Basically, the armed forces should be the accumulation of all the local police forces, and the higher-level government you are a police officer of (city, county, state, national, though I'd break the levels down differently), the higher your military rank. And of course, the police's duties are not / should not be just "constructive violence", but also other nonviolent methods of peacekeeping and civil service.
I myself have considered the benefits that would accompany the integration of municipal and state police forces into a greater military structure. It's a concept that is currently in successful practice in several industrialized nations. The problems arise when you consider what your average American's reaction to a nation-wide military police force is likely to be. Generally I'm the type to trust the government, but I can't blame most Americans for being wary. Historically the government has done some shady things from time to time, and moreover, the country was founded on a natural distrust of authority, so it's almost instinctual. Most citizens would shudder to think about a military police force as the image of little government storm troopers break down their door at night and haul them away. Whether this would be a reality or not doesn't really remove the foul smell of "martial law" from most American's minds. And with the current administration who can blame them? What role would John Ashcroft play in national police force? High Marshal? Supreme Commander? Grand Moff?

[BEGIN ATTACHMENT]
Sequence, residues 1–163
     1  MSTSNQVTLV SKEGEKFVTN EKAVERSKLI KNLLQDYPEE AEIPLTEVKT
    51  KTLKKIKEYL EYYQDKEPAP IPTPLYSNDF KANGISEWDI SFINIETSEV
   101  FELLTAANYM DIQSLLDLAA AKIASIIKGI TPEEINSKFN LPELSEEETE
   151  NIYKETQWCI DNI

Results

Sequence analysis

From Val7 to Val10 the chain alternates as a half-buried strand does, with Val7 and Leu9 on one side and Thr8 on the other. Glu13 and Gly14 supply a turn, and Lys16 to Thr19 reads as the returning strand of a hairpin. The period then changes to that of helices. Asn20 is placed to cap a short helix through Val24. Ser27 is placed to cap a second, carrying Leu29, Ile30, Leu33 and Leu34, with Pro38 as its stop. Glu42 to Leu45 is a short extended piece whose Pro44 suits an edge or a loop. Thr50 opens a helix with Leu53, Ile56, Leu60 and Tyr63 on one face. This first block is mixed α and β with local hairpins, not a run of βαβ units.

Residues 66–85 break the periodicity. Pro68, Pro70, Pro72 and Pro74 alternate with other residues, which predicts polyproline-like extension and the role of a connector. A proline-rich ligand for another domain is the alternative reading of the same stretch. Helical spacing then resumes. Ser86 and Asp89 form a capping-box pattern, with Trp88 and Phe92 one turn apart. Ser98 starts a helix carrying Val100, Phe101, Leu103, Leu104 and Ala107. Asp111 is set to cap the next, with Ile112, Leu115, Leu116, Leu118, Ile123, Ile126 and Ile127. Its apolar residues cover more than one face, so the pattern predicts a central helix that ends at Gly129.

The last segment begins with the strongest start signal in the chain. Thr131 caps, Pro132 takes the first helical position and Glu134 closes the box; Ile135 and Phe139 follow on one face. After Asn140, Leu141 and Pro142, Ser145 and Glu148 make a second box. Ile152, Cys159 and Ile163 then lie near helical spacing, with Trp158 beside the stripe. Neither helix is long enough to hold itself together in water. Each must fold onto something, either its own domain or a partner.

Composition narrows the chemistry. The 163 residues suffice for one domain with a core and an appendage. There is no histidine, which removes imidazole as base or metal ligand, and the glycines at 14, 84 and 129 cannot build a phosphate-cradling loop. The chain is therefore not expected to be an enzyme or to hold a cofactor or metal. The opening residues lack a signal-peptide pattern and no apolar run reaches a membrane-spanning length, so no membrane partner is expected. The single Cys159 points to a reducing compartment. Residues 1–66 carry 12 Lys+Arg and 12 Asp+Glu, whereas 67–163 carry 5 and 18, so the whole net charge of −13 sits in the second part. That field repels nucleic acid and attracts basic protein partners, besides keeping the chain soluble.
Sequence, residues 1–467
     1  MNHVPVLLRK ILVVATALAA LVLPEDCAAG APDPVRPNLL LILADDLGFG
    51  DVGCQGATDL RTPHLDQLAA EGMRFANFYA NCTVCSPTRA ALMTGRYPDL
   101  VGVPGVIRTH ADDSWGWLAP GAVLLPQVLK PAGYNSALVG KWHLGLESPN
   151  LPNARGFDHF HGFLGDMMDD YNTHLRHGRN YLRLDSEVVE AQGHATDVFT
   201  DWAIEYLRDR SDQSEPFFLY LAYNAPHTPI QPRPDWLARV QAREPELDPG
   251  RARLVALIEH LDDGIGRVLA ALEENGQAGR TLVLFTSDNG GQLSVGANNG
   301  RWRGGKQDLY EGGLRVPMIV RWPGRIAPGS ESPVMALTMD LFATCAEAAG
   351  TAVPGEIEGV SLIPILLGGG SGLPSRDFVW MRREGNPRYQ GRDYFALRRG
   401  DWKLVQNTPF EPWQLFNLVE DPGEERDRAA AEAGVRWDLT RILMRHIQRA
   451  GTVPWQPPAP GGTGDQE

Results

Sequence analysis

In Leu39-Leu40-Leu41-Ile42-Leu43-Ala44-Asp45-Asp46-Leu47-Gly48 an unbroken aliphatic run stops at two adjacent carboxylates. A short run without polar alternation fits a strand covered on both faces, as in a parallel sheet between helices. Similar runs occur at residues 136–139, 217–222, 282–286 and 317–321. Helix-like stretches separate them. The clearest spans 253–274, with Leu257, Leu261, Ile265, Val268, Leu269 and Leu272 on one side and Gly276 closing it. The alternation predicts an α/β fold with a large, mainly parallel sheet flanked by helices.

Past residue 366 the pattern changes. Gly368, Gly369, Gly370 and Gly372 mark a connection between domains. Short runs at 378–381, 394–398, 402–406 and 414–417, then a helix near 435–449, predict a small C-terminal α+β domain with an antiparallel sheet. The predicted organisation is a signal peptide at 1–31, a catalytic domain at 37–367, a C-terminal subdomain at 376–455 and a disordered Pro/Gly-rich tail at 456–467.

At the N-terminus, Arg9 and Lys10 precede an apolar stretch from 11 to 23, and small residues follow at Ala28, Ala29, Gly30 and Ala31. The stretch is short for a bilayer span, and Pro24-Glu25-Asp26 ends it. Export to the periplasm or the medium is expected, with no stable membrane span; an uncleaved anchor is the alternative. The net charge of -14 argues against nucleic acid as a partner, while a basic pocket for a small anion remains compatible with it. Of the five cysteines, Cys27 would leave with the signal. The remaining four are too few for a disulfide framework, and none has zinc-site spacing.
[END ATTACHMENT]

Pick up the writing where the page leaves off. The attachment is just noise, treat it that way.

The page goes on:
At the prompting of a friend I was discussing this with, I actually sat down and contemplated what the real differences of a society operating under my form of government would be from say, the United States today, and it's really not all that big. About as big as the difference between the US, Canada, Britain, and Oz
You're probably right insofar as that the operation of your system and our system would probably be quite similar. Most people probably wouldn't notice much difference between the two or experience much grief during the transition. However, the underpinnings are, on many levels, significantly different. Much of the Constitution would have to be scrapped and rebuilt from the ground up. And when you consider how difficult it is to amend the Constitution the whole transition begins to look like a logistical nightmare, even if there are a few long-term benefits.
I'm not saying that your system wouldn't work, or that it is a bad system. I'm just saying that it would nearly impossible to implement.